Angel for Fashion is a new e-commerce platform that sells the wares of 30 Ukrainian designers. The styles it offers are eclectic: There are breezy dresses inspired by traditional Ukrainian designs from the Foberini label; cheekily glamorous looks from Frolov; and macabre leather offerings, like Kofta bags and Bob Basset masks and harnesses.
“It’s one of the most thriving and vital atmospheres,” Alina Bairamova, creative director of Angel for Fashion, said of her country’s fashion industry.
“Meeting the world was inevitable,” she added. “It has just sped up the process by the war.”
Angel for Fashion was the brainchild of Jen Sidary, whose resume includes stints at Zappos and Vivienne Westwood. The site works on a dropship model, with Angel for Fashion taking a percentage of sales in exchange for hosting the products on its site. Orders placed on the site are forwarded to the designers, who handle fulfilment and shipping, the cost of which is included in the garment’s price.
More than 800 items are available, although some products are available only for pre-order or come with caveats that shipping could be delayed because of supply chain logistics in a country at war.
Some of the designers, Sidary said, never stopped sketching, sewing and designing, even as their city and country came under attack. Others have repurposed their operations to help the war effort, relocated within Ukraine or are traveling back and forth between Ukraine and neighbouring countries.
“I did throw on the site that it could take up to six months only because I prefer to not overpromise and under-deliver,” Sidary said of potential shipping delays, speaking via Zoom in her smoky Southern California accent. “I mean, I hope things don’t take six months.”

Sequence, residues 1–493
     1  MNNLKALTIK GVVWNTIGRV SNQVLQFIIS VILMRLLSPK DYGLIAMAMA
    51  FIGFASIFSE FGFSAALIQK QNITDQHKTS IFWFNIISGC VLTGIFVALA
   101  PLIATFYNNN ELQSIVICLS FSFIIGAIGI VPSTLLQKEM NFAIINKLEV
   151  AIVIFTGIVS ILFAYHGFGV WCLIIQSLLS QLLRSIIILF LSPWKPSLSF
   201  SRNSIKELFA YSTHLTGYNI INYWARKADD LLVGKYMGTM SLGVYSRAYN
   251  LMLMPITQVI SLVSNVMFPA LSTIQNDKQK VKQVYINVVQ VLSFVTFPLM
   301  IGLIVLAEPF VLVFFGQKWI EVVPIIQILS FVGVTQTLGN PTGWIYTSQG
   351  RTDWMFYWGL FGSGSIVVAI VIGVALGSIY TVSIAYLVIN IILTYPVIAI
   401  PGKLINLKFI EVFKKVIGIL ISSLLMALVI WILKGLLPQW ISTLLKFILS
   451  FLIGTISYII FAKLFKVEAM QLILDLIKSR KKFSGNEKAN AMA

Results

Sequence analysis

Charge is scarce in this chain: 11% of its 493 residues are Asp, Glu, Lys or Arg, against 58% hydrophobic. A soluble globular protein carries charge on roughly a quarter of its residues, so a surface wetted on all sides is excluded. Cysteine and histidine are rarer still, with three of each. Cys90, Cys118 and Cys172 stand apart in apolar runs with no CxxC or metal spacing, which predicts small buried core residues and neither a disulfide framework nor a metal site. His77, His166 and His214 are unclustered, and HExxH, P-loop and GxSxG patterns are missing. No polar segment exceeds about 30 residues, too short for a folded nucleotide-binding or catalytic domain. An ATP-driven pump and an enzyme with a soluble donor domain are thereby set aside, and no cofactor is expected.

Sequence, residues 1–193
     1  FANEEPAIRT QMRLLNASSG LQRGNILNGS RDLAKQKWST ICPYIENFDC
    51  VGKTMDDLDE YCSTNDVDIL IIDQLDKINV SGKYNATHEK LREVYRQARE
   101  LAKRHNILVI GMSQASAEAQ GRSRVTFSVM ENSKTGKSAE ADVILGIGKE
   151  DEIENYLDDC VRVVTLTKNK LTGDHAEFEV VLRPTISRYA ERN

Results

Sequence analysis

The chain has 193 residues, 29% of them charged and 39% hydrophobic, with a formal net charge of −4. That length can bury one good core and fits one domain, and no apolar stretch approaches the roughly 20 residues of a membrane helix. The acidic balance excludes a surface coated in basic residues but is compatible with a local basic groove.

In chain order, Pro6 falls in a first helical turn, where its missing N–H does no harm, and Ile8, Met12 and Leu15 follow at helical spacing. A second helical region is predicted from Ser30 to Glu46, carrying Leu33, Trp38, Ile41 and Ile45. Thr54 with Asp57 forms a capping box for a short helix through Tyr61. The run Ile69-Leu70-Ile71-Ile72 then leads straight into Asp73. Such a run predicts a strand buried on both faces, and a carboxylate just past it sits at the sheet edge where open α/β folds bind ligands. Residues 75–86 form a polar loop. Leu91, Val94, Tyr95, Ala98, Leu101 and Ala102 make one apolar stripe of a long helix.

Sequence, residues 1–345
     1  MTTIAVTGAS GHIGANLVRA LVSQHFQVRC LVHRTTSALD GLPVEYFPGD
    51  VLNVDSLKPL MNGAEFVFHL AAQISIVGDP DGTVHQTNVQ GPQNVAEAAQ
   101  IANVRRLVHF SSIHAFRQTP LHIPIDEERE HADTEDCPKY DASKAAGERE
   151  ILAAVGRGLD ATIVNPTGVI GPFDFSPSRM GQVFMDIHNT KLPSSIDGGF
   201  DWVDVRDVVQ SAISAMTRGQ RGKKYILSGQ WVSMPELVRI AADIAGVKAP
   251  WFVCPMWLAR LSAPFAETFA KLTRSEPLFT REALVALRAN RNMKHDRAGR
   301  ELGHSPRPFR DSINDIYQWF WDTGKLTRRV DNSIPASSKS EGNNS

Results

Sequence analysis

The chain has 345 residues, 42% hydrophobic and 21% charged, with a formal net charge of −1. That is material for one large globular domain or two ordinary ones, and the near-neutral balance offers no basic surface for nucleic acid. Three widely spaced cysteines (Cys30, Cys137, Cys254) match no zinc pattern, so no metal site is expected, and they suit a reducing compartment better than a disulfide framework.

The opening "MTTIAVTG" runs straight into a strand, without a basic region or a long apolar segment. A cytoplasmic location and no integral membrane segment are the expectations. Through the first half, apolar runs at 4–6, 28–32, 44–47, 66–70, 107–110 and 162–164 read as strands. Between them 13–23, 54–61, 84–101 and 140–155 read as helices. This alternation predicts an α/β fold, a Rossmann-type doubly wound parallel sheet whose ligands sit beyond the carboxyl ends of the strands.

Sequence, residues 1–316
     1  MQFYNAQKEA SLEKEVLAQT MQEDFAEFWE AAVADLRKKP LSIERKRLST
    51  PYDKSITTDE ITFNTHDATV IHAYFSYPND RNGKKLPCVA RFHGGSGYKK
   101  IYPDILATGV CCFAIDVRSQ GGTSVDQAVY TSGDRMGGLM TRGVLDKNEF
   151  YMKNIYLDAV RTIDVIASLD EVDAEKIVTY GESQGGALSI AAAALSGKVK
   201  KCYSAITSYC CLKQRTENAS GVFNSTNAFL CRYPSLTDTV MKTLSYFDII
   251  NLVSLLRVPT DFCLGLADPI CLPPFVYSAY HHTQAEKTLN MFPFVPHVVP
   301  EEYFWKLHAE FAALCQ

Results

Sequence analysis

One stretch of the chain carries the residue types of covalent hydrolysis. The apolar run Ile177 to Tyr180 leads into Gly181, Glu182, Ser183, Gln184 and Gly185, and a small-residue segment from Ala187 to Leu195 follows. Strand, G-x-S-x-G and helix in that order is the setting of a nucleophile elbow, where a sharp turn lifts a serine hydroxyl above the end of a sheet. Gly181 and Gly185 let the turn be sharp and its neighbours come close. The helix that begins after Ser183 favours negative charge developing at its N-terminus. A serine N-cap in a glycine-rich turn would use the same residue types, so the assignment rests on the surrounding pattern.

She added proudly that the site would be available globally, except in Russia and Belarus, which she referred to as “Bela-Russia.”
Sidary was enjoying a celebratory tequila on the rocks. Her nails were painted fluorescent yellow, the middle fingers painted blue in what she said was a kiss-off to President Vladimir Putin of Russia. “They’re growing out — at some point, I’ve got to get a new manicure,” she said. “But to get this live in three weeks, I’ve literally been working 17-hour days.”
The idea for the website came to Sidary at the end of February, when she returned to West Hollywood after showcasing six Ukrainian designers in New York. In a macabre coincidence, that showcase opened just one day before the Russian invasion February 24.
Since shipping garments back to Ukraine was no longer an option, Sidary took four of the designers’ collections back to her one-bedroom apartment. She also took in Valery Kovalska, a designer specializing in unexpected tweaks to modern basics, who happened to be in New York during the invasion.
“I couldn’t just leave her in New York like a sad baby Ukrainian designer, so I was, like, ‘Girl, just come to Los Angeles with me,’ ” she said. The two women had met only a few times when Kovalska moved to Sidary’s couch, where she lived for nearly a month.
On Sunday, Kovalska was packing her suitcase to stay with friends of friends in the Venice Beach neighbourhood of Los Angeles. “I just moved because I still wanted to be friends with her,” she joked, not wanting to overstay her welcome on the couch.
“Luckily, I’m physically safe here,” Kovalska said, while also noting the duty she felt to Ukraine. “So now my mission is to work hard to bring money to the country. I’ve got 25 employees, and I’m still paying their salaries while I’m sleeping on the couch.” She has been sending deadstock and samples to her employees in Ukraine who are in need of clothes.
“At least they’re going to have a really fashionable wardrobe now,” she said with a laugh.
Kovalska believes in the vision of Angel for Fashion. “I really hope it’s going to be a big business for her and for us, too,” she said. “It’s not just a charity event. It supports our industry.”
Bairamova, like Kovalska, was in New York on business when the invasion started and now is staying indefinitely with friends on Roosevelt Island. For her, the inauguration of the site was emotional, both in terms of the work she had put into it and the potential impact for Ukraine, where her family remains.
“It turns an unfortunate event into something that can be so fulfilling and so promising for the future,” she said. — NYT